R&I: We’re very interested in how you and other leaders in this industry view technology and how they’re going to use it.

Hank Greenberg: I think technology can play a role in reducing operating expenses. In the last 70 years, you have seen the expense ratio of the industry rise, and I’m not sure the industry can afford a 35 percent expense ratio. But while technology can help, some additional fundamental changes will also be required.

R&I: So as the pre-eminent leader of the insurance industry, what do you see in terms of where insurance is now an where it’s going?

Hank Greenberg: The country and the world will always need insurance. That doesn’t mean that what we have today is what we’re going to have 25 years from now.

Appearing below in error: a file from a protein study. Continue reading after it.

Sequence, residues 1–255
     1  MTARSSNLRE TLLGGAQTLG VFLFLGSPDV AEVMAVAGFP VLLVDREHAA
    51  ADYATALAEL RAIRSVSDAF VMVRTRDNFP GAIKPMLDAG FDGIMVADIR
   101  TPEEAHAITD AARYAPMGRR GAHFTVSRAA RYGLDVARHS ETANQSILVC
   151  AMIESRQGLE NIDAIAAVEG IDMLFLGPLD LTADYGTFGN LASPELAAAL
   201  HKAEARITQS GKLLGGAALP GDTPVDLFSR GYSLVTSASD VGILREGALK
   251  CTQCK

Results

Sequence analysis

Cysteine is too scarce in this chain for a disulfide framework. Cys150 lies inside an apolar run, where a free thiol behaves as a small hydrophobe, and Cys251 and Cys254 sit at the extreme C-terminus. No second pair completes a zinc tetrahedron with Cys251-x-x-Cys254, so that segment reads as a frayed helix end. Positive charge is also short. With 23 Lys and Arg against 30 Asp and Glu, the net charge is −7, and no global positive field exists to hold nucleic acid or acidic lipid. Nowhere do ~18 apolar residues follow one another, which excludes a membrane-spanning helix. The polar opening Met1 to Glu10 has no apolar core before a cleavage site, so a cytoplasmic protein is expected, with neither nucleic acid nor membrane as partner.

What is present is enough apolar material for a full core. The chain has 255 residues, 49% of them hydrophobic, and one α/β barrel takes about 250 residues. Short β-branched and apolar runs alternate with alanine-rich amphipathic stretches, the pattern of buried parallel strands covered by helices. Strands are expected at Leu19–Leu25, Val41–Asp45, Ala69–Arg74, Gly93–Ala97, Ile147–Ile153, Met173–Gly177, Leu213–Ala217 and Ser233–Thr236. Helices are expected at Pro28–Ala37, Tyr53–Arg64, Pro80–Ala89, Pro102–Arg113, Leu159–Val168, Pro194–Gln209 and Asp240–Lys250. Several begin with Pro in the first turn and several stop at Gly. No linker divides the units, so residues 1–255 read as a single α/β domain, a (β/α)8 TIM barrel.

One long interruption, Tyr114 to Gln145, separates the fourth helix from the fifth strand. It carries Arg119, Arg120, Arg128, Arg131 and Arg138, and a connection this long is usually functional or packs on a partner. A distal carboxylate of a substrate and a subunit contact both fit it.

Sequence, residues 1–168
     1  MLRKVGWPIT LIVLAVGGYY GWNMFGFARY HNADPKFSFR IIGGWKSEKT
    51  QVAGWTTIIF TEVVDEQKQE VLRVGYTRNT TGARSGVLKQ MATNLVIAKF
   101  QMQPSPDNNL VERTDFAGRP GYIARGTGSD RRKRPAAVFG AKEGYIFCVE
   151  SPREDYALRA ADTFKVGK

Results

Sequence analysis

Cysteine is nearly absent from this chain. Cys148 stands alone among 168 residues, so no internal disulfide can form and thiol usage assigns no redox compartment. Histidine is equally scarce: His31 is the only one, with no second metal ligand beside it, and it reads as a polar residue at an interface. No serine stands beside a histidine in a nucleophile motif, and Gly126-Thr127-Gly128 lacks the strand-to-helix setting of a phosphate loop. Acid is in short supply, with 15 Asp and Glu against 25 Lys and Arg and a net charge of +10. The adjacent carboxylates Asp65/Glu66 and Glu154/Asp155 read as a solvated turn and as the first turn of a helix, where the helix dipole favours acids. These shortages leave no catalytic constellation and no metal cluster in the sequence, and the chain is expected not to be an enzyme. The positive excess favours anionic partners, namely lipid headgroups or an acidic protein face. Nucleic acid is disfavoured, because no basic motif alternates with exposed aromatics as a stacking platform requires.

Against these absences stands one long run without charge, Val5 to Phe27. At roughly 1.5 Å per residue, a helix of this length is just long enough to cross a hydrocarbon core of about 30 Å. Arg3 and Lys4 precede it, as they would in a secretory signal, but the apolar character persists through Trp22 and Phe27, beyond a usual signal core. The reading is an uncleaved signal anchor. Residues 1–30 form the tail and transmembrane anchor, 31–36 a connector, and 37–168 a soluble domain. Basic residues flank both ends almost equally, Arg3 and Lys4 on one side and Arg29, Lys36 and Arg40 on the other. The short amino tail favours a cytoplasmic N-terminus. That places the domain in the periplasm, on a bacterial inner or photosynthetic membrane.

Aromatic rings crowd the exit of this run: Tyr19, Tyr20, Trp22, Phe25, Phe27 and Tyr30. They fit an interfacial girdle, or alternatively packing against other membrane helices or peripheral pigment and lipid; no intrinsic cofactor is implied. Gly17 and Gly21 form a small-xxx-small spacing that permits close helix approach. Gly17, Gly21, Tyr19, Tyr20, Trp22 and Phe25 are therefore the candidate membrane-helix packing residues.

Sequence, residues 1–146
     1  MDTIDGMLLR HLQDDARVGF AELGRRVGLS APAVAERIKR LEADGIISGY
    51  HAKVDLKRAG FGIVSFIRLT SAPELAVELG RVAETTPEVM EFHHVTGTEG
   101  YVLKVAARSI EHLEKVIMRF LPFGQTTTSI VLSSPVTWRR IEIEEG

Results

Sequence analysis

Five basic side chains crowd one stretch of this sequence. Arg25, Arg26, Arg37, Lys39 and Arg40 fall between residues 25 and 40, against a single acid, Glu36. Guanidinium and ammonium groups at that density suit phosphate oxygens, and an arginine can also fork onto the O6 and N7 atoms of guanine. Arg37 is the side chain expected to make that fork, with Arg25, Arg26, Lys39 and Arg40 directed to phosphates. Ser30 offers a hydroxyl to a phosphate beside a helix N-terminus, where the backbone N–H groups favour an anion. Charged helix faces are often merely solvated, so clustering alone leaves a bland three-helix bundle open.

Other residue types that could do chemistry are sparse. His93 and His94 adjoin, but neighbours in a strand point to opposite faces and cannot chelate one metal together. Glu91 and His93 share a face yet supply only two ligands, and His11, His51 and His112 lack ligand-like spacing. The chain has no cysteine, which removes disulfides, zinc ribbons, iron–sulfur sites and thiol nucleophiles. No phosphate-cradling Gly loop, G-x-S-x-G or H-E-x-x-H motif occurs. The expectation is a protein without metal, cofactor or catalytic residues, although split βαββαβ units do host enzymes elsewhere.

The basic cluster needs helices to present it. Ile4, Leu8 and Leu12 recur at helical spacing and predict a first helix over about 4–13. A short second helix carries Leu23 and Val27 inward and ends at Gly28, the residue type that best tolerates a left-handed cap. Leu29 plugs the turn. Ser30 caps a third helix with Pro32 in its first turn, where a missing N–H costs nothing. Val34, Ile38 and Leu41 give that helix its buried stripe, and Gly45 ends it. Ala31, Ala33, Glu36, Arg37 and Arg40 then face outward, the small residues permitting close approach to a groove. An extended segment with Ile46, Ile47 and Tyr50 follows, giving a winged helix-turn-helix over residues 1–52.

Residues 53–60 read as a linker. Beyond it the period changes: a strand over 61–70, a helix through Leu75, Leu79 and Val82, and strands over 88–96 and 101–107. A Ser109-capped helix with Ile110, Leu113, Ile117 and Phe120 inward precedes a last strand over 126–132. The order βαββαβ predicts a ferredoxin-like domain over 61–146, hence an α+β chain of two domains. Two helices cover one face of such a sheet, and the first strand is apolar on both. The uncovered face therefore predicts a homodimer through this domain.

How quickly the change comes and how far it will go will depend on individual companies and individual countries. Some will be more brave than others. But change will take place, there is no doubt about it.

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More will go on in space, there is no question about that. We’re involved in it right now as an insurance company, and it will get broader.

One of the things you have to worry about is it’s now a nuclear world. It’s a more dangerous world. And again, we have to find some way to deal with that.

So, change is inevitable. You need people who can deal with change.

R&I:  Is there anything else, Mr. Greenberg, you want to comment on?

Hank Greenberg: I think I’ve covered it. &

The R&I Editorial Team can be reached at [email protected]